Japan Geoscience Union Meeting 2015

Presentation information


Symbol S (Solid Earth Sciences) » S-SS Seismology

[S-SS31] Crustal Deformation

Mon. May 25, 2015 4:15 PM - 6:00 PM 304 (3F)

Convener:*Yusaku Ohta(Research Center for Prediction of Earthquakes and Volcanic Eruptions, Graduate School of Science, Tohoku University), Masayuki Murase(Department of Geosystem, College of Humanities and Sciences, NIHON University), Chair:Hisashi Suito(Geospatial Information Authority of Japan), Teruyuki Kato(Earthquake Prediction Research Center, Earthquake Research Institute, The University of Tokyo)

5:18 PM - 5:21 PM

[SSS31-P02] Crustal Deformation in the Southwestern Ryukyu Arc Estimated from GNSS data

3-min talk in an oral session

*Toshiki KOIKE1, Takuya NISHIMURA2, Shin'ichi MIYAZAKI1 (1.Graduate School of Science, Kyoto University, 2.Disaster Prevention Research Institute, Kyoto University)

Keywords:Ryukyu trench, GNSS, Rigid block rotation

1. Introduction
The south-western Ryukyu arc is characterized by back-arc spreading and a fast plate convergence rate (12.5 cm/year). In this region, few large earthquakes are reported though a fast plate convergence rate. Well-known large earthquake in this region is the 1771 Yaeyama earthquake (MW 8.0) with a devastating tsunami. On the other hands, slow seismic and aseismic events are often reported. For example, biannually repeating slow slip events (SSEs) are reported by Heki and Kataoka (2008), and they reported that SSEs occur on a subducted plate interface under Iriomotejima Island. Crustal deformation during several years in this region is proposed to be expressed by rigid block rotation models by Nishimura et al. (2004), Nakamura (2004), and so on. They propose that the Ryukyu region is divided to three blocks, and each block is moving independently. But boundaries are different from each other. Nishimura et al. (2004) proposed that the Yaeyama region (Iriomotejima, Ishigakijima, and some other islands) and the Miyakojima region are moving on the same block. On the other hand, Nakamura (2004) proposed that these two are on different blocks. These studies used the GEONET GNSS data operated by Geospatial Information Authority of Japan. But this region consists of remote islands, so we can't discuss detailed internal deformation.

2. GNSS data
In this study, we use 13 stations in total. 8 stations are GEONET GNSS stations located in the Yaeyama region and the Miyakojima region. And one station is located in the south of Miyakojima Island, which is operated by the Japan Coast Guard. This station has not been used for scientific analysis. And the other 4 stations are new ones we set up, which are located in Iriomotejima Island (Funauki and Oohara), Kuroshima Island, and Kohamajima Island. We estimate daily cordinates of the GNSS stations using GIPSY 6.2 with strategy of Precise Point Positioning. Next, we calculate moving average to remove errors due to the artificial offsets and the weather condition. In time-series data of 4 new stations from 2010 to 2013, we can recognize 4 deformation episodes suggesting SSE in all station's data.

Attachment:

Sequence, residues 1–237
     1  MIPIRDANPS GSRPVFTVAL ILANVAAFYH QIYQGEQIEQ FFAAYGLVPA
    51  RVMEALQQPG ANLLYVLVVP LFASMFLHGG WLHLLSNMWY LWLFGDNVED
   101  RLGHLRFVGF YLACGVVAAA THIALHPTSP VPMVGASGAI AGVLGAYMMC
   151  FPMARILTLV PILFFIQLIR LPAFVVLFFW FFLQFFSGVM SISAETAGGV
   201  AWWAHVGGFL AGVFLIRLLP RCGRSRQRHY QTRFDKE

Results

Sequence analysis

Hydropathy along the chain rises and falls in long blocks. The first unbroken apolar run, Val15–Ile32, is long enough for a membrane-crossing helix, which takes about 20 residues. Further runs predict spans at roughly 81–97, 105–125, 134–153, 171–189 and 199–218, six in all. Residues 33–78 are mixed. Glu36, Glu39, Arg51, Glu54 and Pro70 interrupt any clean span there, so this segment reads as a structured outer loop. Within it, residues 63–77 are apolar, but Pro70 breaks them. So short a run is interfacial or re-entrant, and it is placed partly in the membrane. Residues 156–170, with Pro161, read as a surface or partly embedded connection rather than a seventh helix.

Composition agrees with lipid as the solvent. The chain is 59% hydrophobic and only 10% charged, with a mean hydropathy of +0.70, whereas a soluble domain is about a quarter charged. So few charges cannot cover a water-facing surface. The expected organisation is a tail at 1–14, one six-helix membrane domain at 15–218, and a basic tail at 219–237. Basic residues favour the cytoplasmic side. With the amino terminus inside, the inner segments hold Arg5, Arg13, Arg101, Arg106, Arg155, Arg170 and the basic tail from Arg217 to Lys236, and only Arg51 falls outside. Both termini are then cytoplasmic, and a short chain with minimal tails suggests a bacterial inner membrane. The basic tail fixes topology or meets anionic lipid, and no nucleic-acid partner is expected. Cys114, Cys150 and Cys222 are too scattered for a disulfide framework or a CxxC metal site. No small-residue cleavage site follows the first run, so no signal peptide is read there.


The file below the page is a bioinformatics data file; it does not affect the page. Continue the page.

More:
3. Rigid block rotation models
We compare displacements calculated from the model of Nishimura et al. (2004) with observed one from 2010.24 to 2012.69, and we find that they have an obvious difference. The observed displacements direct counterclockwise compared with calculated one, and displacement pattern suggests displacement direction changing counterclockwise and increasing displacement rate in western stations. This may mean that a rigid block rotation in this region changed after the previous study. Therefore, we examine how good rigid block rotation can explain the observed displacement and estimate Euler vectors for the rigid block rotation. Displacement calculated from the best-fit rotation model can reproduce the observed one. The estimated Euler pole located at (128.089oE, 29.095oN) with angular velocity of 6.675 rad/Myr. And we examine baseline change which is independent with rigid block rotation to study internal deformation in this region.

4. Conclusion
We analyze GNSS data in the south-western Ryukyu arc. This region is characterized by a fast plate convergence rate (12.5 cm/year) and frequent slow slip events (SSEs). Because this region consists of remote islands with a few GNSS stations, we set up new 4 GNSS stations to examine detailed crustal deformation. We compare observed and calculated displacement using the proposed rigid block rotation models and find that they have an obvious difference. We also report a result for a rigid block rotation estimated from the observed displacement and a change of baseline lengths in this region to examine internal deformation.

We thank the Geospatial Information Authority of Japan and the Japan Coast Guard for providing GNSS data.